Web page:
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Possession claims went down, not up

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Re-opening the courts last year after their six month Covid closure, did not lead to a surge in possession actions, Cloud software specialist Decorus for Sage has reported.

Despite mounting rent arrears during the three UK lockdowns, most recent data from the Ministry of Justice shows that the number of landlord possession actions for all court stages actually dropped significantly between October – December 2020.

Compared to the same quarter in 2019, landlord possession claims fell by 67 per cent. Orders for possession were down by 89 per cent, warrants were down by 86 per cent and repossessions by 93 per cent.

The group making up the largest proportion of possession claims were private landlords (43 per cent or 3,619), followed by social landlords (27 per cent or 2,268).  Just under a third were accelerated claims (30 per cent or 2,495).

Landlords are facing very lengthy court action, with the government figures showing that the median average time from claim to repossession has more than doubled, with an increase to 43.0 weeks, up from 21.0 weeks in the same period in 2019.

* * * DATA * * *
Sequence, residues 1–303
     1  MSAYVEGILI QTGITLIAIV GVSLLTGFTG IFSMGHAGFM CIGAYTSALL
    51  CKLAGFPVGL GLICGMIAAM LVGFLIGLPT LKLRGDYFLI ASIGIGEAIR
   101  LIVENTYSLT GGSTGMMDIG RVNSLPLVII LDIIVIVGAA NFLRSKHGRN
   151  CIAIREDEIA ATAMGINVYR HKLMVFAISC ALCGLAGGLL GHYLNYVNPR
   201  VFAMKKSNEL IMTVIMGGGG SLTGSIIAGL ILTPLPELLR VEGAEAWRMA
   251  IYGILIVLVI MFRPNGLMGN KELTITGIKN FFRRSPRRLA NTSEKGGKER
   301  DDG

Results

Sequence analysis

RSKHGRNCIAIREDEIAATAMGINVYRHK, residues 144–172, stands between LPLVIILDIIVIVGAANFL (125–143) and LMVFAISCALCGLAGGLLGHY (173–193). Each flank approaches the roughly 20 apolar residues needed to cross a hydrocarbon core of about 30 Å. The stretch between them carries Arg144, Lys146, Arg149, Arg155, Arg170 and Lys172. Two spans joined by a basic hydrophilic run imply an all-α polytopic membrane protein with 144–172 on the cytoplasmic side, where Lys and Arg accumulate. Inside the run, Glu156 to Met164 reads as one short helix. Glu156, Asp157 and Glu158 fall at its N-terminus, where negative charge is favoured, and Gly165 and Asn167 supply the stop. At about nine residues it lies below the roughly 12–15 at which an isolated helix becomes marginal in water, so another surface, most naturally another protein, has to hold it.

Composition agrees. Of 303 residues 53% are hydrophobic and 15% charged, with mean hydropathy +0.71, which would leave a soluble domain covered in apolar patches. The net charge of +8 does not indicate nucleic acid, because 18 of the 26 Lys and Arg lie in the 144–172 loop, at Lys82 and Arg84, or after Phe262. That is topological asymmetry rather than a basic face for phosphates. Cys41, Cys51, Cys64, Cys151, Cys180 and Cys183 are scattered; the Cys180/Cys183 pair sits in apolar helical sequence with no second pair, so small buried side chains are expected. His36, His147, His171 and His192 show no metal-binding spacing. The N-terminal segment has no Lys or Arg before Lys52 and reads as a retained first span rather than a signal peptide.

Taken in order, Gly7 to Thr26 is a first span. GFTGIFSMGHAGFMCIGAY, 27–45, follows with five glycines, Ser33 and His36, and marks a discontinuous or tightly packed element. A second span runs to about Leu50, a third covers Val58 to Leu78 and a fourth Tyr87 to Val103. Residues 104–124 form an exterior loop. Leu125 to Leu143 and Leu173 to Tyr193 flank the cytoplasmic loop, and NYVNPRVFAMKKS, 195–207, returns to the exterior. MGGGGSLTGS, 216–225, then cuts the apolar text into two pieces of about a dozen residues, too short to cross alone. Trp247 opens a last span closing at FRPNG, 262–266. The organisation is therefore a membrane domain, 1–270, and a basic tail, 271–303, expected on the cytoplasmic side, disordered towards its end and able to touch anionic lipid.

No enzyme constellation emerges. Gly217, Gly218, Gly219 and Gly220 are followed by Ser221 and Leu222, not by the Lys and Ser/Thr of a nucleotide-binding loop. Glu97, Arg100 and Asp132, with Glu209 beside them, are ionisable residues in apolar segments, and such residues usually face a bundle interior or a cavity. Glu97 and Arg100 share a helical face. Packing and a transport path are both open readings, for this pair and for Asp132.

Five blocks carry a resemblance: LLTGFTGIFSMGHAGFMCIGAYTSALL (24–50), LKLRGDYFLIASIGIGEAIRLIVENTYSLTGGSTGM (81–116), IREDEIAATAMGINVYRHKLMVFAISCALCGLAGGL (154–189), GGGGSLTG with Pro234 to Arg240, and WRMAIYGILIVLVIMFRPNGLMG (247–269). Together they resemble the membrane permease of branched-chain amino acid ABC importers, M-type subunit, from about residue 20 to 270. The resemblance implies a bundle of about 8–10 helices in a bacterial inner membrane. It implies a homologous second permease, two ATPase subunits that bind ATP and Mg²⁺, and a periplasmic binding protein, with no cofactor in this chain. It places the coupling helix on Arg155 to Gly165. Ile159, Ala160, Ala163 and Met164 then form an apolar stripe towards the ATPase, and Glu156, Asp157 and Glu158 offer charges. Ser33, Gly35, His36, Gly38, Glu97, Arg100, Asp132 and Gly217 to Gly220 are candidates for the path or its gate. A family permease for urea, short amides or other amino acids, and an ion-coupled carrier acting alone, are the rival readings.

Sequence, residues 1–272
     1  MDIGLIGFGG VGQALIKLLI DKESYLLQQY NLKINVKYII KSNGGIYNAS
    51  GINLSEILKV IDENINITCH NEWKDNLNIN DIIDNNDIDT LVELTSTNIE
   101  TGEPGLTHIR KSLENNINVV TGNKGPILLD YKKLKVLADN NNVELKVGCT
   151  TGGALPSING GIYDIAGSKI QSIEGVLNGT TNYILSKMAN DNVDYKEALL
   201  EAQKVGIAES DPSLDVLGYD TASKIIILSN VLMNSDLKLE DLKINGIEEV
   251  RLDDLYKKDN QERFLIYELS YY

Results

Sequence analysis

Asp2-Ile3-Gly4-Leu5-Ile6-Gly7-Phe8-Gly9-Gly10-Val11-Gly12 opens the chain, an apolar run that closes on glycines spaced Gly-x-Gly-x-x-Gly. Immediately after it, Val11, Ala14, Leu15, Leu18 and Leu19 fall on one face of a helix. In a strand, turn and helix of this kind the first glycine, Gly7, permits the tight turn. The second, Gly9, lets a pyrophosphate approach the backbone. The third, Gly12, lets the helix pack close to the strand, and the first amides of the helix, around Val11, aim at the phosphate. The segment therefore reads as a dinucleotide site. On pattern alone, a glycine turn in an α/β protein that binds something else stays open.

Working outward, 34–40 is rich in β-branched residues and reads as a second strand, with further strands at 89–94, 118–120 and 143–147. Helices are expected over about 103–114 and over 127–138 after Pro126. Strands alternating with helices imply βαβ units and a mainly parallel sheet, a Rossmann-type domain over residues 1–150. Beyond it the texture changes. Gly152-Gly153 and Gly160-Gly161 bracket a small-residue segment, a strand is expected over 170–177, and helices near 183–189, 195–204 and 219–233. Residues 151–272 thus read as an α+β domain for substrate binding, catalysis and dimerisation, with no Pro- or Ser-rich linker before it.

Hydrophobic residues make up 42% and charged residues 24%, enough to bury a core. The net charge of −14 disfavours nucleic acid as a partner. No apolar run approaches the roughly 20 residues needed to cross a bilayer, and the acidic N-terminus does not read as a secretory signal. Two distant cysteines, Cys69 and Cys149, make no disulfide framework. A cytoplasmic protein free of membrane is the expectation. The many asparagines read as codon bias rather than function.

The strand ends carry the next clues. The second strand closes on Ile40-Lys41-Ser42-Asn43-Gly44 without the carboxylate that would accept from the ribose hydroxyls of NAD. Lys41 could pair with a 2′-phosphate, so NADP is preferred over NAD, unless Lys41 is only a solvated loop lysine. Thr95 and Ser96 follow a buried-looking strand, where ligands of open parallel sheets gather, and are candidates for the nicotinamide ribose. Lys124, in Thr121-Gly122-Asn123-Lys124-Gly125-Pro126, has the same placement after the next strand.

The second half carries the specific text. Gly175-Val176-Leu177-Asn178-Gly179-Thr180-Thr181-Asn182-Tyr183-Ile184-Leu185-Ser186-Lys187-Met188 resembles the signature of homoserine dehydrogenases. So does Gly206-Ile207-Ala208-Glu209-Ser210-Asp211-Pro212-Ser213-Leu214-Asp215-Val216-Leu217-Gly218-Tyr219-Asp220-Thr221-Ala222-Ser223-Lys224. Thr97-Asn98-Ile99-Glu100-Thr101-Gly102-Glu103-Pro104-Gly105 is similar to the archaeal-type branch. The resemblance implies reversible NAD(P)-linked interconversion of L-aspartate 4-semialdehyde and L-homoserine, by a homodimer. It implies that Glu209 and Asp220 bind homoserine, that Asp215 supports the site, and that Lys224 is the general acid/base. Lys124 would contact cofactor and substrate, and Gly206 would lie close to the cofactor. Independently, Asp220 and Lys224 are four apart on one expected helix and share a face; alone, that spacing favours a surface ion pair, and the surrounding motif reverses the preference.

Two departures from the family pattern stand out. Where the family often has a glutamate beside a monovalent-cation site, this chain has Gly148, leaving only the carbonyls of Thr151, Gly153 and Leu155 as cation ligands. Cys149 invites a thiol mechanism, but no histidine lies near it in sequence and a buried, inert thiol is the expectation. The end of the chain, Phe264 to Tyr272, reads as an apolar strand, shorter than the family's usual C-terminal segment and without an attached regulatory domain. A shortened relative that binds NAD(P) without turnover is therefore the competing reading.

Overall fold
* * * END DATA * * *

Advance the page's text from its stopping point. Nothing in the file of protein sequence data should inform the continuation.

‘Landlords are facing increasing rent arrears, with the latest NRLA figures indicating that over 800,000 tenants in England and Wales have built arrears since lockdown measures started in March 2020’, said Decorus for Sage managing director Paul Oxley.

‘Many tenants have found themselves in financial hardship as result of job losses and redundancy and this places landlords in a very difficult position. Mounting arrears can put severe financial strain on a landlord’s cashflow, so if they are faced with a tenant that has stopped paying the rent, they should immediately open up communications to ensure they have a good understanding of the tenants’ financial circumstances. 

‘Legal action is the last resort and should only be considered when all the other options have been discounted. If there are no alternatives to court proceedings, it is vital that landlords follow the correct procedures to secure a court order to evict a tenant from their home. Damages for unlawful eviction of a tenant can be several thousands of pounds and the legal process alone will cost a minimum of £800’.